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A Somali-born immigrant and Air Force veteran is running for office as a Republican in the Baltimore area, explaining that the “Defund Police” movement and the Biden administration’s withdrawal from Afghanistan motivated her to run for Congress.
“The military service and government service brought me to Maryland,” Amal Torres told Fox News Digital.
The House Republican hopeful in Maryland’s third congressional district told Fox News she was working in the defense industry at Fort Meade as an intelligence analyst before she decided to run for office. Torres explained that she changed course after the U.S. withdrawal from Afghanistan, believing she could no longer serve “apolitically.”
Hundreds of people gather near a U.S. Air Force C-17 transport plane at a perimeter at the international airport in Kabul, Afghanistan, on Monday, Aug. 17, 2021 (AP)
“You have to be apolitical when you’re in the Department of Defense and you have to work under the president who’s the commander-in-chief, and you have to obey all orders above you. And that was up until Afghanistan. The fall of Afghanistan and watching the catastrophe that that was. I couldn’t serve apolitically in that organization anymore. I couldn’t fulfill the oath of service in true faith with what the president was doing,” she said, deciding to instead run for political office.
“I knew I had to be a part of the solution and that’s why I switched to fulfilling a more political role and running for office at the congressional level. So that we could hold the executive branch accountable and be a part of that solution.”
The former Air Force cryptologic intelligence analyst referred to the botched U.S. military withdrawal from Afghanistan during the Taliban’s swift takeover of the country. The Taliban had moved quickly through the country ahead of the planned U.S. withdrawal last summer, catching the U.S. off guard and leading to chaotic scenes at Kabul airport including a suicide bombing that killed 13 American soldiers.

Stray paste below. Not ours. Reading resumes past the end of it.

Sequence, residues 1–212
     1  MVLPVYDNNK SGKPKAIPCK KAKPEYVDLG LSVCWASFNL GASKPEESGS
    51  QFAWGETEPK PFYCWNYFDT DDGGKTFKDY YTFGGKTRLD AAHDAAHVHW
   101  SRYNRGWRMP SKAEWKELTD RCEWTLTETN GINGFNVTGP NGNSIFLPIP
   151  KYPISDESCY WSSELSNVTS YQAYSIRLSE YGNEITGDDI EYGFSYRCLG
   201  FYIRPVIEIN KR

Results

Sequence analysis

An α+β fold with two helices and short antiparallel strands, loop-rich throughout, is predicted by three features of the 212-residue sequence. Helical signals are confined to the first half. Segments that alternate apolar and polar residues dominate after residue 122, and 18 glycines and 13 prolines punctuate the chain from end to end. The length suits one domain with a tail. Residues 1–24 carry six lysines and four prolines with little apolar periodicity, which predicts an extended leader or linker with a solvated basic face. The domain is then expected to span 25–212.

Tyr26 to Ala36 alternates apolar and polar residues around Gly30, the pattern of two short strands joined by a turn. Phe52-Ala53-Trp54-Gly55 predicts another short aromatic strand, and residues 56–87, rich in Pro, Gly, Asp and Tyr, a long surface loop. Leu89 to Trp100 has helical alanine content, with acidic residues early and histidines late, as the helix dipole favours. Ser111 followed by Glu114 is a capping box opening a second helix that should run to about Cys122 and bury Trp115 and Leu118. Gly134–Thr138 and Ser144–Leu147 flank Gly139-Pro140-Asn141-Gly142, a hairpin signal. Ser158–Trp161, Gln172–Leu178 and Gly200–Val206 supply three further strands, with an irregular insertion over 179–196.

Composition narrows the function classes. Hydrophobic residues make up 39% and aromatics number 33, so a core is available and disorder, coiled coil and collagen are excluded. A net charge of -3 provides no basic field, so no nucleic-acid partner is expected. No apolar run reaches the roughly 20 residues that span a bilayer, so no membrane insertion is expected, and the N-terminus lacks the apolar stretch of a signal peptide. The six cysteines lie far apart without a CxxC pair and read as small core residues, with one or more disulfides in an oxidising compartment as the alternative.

Taliban fighters stand guard during women’s protest in Kabul, Afghanistan, Thursday, Oct. 21, 2021. (AP Photo/Ahmad Halabisaz) (AP Photo/Ahmad Halabisaz)
Torres, 31, says that she often tells people she “wasn’t lucky enough” to be born in the United States of America. Born in Mogadishu, Somalia, Torres came to the United States with her mother and siblings in the late 90s fleeing the civil war in Somalia.
Torres was raised by her mother in Aurora, Colorado, and enlisted in the Air Force after graduating from high school. While attending college, Torres “put a pause” on her studies to pursue the military. She went on to become an intelligence analyst for the Air Force for six years. Torres was deployed to the Middle East in support of the U.S. war on terror.
Amal Torres serving in the United States Air Force
Torres told Fox News Digital that residents are most concerned with rising crime.
“It was heartbreaking to see that Marylanders have been so impacted by the crime that’s happening in the state.” she said.
Noting that Baltimore has one of the highest crime rates in the country, Torres added that people want safer neighborhoods regardless of their political beliefs.
A woman holds a Black Lives Matter flag during an event in remembrance of George Floyd and to call for justice for those who lost loved ones to the police violence outside the Minnesota State Capitol on May 24, 2021 in Saint Paul, Minnesota. (Photo by Kerem Yucel / AFP) (Photo by KEREM YUCEL/AFP via Getty Images) (Kerem Yucel / AFP)
The killing of George Floyd in 2020 by a police officer sparked a national phenomenon as liberals pushed for the defunding of police departments and broader criminal justice reforms in major cities.
Baltimore has seen a general surge in crime, including violent crime. Homicides are up 11% and non-fatal shootings are up 30% compared to 2021, according to the Baltimore Sun.
Baltimore has suffered 81 reported homicides so far in 2022, an increase compared to the same point in 2021. Baltimore has surpassed 300 homicides for six years in a row, and is on track to do so again.
Torres said that while she believes Black people’s lives matter, she made clear that the organization Black Lives Matter is “not dedicated to the lives of Black people or enabling any sort of productive outcome that supports protecting the lives of Black people.”
“We need to do everything in our power to make sure that communities feel safe, and that they are not targeted for any reason by anybody,” Torres said.
Torres has also expressed support for Florida Gov. Ron DeSantis’ parental rights bill that bans teachers from discussing gender identity with young children and tweeted that she wants the policy pushed on the federal level.
Casey and Ron DeSantis, the first lady and governor of Florida (Florida governor’s office )
“I like what DeSantis is doing because he’s holding educators accountable to the parents with regard to keeping material like gender and sexuality age-appropriate,” she added.
Maryland’s third congressional district encompasses parts of Baltimore city, Baltimore County, Howard County, Montgomery County and Anne Arundel County.
Torres will face off against Antonio Pitocco, Yuripzy Morgan, Lance Griffin, and Thomas Harris in the Republican primary on July 19. The winner will take on incumbent Rep. John Sarbanes, D-Md., in November.